The revival meeting also suggests that this desire to connect isn’t all that unique: The characters in Rachel, Rachel are all reaching out, then suddenly withdrawing. All too human, they don’t quite know what they want. Sadly, this is true for Nick as well – while he certainly likes Rachel, he himself has no intention of continuing through with their relationship. (One final revelation – not a particularly startling one, but I’ll keep it hidden regardless – suggests that Nick is in his own ways as unable to connect as Rachel is.)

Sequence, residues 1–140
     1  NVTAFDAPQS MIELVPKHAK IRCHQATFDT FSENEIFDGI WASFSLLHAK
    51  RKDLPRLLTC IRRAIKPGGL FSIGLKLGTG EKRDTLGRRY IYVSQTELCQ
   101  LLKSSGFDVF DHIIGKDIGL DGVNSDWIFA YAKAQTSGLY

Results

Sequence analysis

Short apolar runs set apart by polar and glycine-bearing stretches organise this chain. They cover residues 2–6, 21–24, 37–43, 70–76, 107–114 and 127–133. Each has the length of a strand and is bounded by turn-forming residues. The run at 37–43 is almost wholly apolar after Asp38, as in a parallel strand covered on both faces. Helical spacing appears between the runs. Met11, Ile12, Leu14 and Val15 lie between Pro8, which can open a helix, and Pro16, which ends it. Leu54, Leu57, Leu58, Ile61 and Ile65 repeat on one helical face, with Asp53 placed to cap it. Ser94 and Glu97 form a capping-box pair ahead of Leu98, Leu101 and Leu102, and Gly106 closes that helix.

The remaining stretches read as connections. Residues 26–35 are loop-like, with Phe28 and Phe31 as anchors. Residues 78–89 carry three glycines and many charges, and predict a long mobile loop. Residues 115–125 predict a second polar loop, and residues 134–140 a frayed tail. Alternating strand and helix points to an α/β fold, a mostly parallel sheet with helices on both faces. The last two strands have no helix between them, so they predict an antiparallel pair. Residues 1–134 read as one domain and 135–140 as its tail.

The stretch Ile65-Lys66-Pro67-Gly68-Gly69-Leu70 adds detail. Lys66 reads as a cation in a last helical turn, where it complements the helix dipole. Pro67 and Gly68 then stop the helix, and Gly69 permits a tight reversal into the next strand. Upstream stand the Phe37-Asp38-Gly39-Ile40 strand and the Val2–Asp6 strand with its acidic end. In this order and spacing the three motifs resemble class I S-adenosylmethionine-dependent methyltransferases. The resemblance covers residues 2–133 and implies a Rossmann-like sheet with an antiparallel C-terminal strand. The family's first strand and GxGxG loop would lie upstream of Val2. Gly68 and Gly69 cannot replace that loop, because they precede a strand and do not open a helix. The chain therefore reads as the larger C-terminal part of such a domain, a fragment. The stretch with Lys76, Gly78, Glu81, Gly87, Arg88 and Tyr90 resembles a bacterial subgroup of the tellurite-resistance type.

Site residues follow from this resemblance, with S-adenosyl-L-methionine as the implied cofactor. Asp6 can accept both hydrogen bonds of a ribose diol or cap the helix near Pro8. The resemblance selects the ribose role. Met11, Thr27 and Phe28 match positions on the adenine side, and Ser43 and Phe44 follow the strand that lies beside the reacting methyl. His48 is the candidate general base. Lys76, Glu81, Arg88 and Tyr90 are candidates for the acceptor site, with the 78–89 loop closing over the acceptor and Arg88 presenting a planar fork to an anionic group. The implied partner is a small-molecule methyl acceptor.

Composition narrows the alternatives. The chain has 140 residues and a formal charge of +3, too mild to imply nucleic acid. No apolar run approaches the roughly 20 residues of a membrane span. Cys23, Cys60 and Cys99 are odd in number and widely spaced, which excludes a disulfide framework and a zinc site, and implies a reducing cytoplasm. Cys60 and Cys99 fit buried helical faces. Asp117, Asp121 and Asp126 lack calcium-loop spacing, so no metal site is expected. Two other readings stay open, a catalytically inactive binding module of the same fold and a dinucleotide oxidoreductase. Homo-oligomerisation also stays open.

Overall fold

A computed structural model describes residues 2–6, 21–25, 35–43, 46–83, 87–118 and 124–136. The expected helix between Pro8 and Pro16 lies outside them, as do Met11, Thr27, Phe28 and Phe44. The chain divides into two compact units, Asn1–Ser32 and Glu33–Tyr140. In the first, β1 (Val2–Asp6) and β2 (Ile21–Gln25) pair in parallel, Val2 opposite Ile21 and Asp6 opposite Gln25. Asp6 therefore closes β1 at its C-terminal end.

Newman once said that his one direction for Woodward was “Pinch it.” She certainly appears to have run with that instruction. Her performance here is a clinic in closing oneself off while still allowing the audience to peek inside – how to emote without emoting. Despite his recollection of such modest direction, Newman himself was particularly adept at this kind of performance, too (check out his turn in The Long, Hot Summer), and it’s easy to see both why he was drawn to this material and why he was able to film it so well. His work here is impeccable; even though he made a few other films, I’d say Rachel, Rachel was his best one as a director. And Stern's script certainly ranks alongside his Rebel Without a Cause as a profound study of a fractured, and perhaps distinctively American, soul. Someday, the film will hopefully be better known.